By Chip Bettle, Co‐Inventor & Executive Vice President of Engineering, Absolute Aeration, LLC
The City of Royston is a town located in Northeast Georgia operating a wastewater treatment plant that is comprised of a two‐pond (lagoon) system.
James “Butch” Watson, the city’s water/wastewater superintendent, was challenged to drive down the costs of future dredge events and prevent additional damage that may occur to their liner during a dredge.
In 2011 Absolute Aeration LLC, creators of the Blue Frog patented technology, approached the City of Royston’s leadership team to be the first municipal application in Georgia to install revolutionary technology that utilizes natural processes that enhances in situ sludge digestion (bio-dredging).
Absolute Aeration LLC is an environmental technology firm that utilizes proven natural processes to treat wastewater. Documented results support enhancing natural biological processes as a realistic opportunity to increase the effective treatment capacity of an existing lagoon system and meet effluent discharge criteria while driving down the costs of sludge management. Our design strategy provides cost-effective solutions for lagoon owners to meet discharge standards at a significantly lower investment cost.
Wastewater treatment lagoons are the oldest and most commonly used methods for treating wastewater. Traditional methods to remove biosolids (sludge) from lagoons is typically accomplished by adding chemicals or by mechanical dredging, a disruptive and costly process that can cause damage to infrastructure such as liners, and to the environment. Disposal methods such as application onto farmland or landfilling are running into increased regulatory restrictions and public concerns about what’s contained in the biosolids (sludge). Excessive build‐up of sludge can potentially intensify odors and increase effluent concentrations of BOD, TSS, nutrients like ammonia, and pathogens.
The City of Royston, Georgia Background
The first pond in the Royston treatment system was a well‐mixed aerated system; the second pond has three cells; the first cell was a sludge accumulation cell, the second cell was utilized for stabilization, followed by chlorination and discharge (third cell). All permit requirements were routinely met. Sludge was dredged from the second pond cell once every 3 to 5 years at a cost of $150,000.00 per event. A previous dredging event damaged the liner, costing $125,000.00 to repair (cost is for the repair‐damaged area only).
The Science behind Blue Frog Technology to Bio-dredge In Situ
Absolute Aeration has discovered methods to apply established biochemical science that translates into reliable operating processes for wastewater treatment – moving beyond pilot studies to extensive field testing, and scaling up to practical systems.
The Blue Frog System (BFS) mimics natural bodies of water, keeping the water in three distinct layers employing a three‐step process:
Select for Indigenous sludge digesting bacteria.
The surface is aerated to convert soluble BOD into insoluble BOD.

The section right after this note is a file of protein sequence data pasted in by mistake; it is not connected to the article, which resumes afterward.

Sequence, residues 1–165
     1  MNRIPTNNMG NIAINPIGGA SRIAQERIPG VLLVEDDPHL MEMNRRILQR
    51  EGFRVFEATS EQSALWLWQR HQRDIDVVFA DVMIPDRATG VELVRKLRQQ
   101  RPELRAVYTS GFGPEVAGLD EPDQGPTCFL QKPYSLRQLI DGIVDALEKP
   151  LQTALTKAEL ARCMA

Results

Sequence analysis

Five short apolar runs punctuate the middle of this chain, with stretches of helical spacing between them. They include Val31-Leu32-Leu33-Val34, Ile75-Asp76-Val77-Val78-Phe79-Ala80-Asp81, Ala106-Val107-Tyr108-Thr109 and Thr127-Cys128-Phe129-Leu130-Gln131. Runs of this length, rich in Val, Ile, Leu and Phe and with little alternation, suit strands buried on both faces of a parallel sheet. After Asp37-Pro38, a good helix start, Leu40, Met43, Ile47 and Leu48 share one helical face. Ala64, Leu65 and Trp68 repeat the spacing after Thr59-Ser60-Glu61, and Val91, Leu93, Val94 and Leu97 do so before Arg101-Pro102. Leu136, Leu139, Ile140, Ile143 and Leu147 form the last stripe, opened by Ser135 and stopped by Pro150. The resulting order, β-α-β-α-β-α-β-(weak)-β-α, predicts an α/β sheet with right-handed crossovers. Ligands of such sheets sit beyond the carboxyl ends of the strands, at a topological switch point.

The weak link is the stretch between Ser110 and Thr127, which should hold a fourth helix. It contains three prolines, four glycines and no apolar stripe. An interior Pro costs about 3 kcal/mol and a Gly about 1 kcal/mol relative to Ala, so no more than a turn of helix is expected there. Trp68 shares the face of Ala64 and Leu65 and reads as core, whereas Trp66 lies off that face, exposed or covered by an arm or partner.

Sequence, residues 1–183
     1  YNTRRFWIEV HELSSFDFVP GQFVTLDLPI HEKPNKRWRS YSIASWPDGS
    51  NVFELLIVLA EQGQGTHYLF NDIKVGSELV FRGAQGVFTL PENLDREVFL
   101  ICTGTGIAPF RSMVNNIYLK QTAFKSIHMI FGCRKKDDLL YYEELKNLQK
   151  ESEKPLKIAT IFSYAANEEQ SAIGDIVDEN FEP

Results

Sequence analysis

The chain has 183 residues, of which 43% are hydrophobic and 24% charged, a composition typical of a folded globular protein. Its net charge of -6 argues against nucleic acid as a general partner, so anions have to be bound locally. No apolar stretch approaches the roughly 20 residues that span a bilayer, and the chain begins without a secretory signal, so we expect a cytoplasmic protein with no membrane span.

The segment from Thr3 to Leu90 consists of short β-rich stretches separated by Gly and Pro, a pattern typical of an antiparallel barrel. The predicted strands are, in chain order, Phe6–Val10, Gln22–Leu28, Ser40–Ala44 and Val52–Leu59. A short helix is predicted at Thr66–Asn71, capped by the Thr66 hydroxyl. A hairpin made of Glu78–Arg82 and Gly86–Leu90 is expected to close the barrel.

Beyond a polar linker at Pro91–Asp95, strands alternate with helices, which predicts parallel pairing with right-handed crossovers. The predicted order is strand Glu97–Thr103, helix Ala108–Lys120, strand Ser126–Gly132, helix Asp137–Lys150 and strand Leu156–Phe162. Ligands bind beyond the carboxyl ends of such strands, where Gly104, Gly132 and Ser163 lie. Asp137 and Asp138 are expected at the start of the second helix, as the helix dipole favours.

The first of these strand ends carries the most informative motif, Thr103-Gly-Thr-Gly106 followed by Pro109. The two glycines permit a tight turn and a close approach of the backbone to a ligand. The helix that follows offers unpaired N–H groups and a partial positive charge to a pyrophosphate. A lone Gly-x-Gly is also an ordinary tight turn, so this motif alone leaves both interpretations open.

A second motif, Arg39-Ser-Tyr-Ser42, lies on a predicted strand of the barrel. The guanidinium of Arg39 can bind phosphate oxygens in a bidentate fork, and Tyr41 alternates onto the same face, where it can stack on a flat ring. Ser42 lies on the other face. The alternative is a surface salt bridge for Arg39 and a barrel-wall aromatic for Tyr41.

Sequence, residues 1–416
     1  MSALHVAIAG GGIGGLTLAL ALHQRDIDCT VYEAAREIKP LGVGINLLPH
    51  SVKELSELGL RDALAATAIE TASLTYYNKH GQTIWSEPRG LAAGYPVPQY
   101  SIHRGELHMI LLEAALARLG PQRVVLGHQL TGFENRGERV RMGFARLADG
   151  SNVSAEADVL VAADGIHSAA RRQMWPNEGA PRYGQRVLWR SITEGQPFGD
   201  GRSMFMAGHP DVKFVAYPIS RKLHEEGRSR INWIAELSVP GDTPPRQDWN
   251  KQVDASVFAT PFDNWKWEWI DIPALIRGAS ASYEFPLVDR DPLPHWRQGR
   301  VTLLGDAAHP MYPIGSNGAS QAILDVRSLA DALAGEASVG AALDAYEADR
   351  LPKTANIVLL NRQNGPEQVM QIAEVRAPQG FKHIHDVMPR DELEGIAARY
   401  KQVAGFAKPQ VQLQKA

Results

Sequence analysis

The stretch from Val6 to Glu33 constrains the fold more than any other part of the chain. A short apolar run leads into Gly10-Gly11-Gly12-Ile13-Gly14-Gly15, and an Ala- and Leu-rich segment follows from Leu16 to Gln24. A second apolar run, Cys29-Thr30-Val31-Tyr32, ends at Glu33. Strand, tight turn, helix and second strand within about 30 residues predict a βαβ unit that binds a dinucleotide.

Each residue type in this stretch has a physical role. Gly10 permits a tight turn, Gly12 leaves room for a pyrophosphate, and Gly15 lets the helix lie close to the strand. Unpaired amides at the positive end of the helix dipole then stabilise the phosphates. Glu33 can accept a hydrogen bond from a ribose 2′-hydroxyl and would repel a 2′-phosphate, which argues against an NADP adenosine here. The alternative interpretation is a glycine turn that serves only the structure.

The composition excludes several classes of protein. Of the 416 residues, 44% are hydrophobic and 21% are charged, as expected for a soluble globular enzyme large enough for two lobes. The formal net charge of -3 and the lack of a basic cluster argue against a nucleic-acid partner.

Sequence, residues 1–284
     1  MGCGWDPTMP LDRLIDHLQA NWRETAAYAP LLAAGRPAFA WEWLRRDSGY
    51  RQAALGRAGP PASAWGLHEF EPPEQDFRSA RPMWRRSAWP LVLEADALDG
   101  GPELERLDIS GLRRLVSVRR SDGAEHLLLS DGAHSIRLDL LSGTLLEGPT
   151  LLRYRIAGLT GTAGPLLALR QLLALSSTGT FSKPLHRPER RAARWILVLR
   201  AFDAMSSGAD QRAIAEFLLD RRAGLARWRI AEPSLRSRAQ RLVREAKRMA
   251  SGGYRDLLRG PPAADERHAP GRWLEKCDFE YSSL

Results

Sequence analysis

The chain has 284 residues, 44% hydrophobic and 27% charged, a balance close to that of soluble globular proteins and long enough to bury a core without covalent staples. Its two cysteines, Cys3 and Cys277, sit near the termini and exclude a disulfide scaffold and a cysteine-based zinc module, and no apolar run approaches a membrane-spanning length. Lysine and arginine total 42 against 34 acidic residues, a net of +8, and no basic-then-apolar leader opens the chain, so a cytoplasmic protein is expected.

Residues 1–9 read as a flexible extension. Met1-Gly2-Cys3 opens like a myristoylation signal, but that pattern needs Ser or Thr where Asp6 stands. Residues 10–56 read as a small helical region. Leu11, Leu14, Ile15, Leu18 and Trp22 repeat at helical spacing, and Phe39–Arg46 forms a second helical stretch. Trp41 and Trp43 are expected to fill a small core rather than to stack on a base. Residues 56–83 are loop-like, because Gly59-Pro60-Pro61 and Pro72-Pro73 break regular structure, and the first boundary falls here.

Clean, thin surface water is redirected to the bottom of the water column to reject floating solids like blue green algae.
Documented Results in Royston:
The City of Royston’s 6-month average results ending in June 2014:
|Monthly Permit Requirements
|Residual Sludge||1.5’(4” of dense biogranules + 14” of low density fluff)|
Google earth picture prior 2011
Google earth picture after 2012
There were five significant issues uncovered and resolved during the project implementation:
1. Sludge digestion (bio-dredging) is at a controlled rate, slow and steady, not fast.
The issue was resolved by changing the rotation of the Cell 1 circulators to slow the process down.
2. Sludge reduction was normal in Pond 2 Cell 1, but not in Cell 2.
3. An industrial client discharged potent antibacterial cleaning compounds all at once. Pond 1 turned black and died.
4. As ancient sludge is turned to gas, previously entombed trash is released.
5. Oxygen addition improved when rising bubbles are released into horizontally radial‐outflowing water.
A joint development for wastewater technology requires three key commitments:
1. A city’s water/wastewater superintendent and a city’s leadership team that is committed to promoting sustainability that results in reducing over-all costs.
2. Two‐way communication and data sharing to understand and be proactive to resolving the issue before a crisis occurs.
3. A continued partnership that results in minimizing ongoing costs long-‐term to achieve project objectives.
About the author: Chip Bettle is Co‐Inventor & Executive Vice President of Engineering for Absolute Aeration, LLC, Greeley, CO, USA. Chip is a chemical engineer who utilizes his unique perspective, straddling both science and engineering, to lead Absolute Aeration in process development. Chip designs complex, low cost solutions to meet regulated discharge requirements. As an inventor he has over 35 approved U.S. patents.
For further information, contact Brandi Waters, Absolute Aeration Customer Service Manager at (386) 233.5074 or email: firstname.lastname@example.org.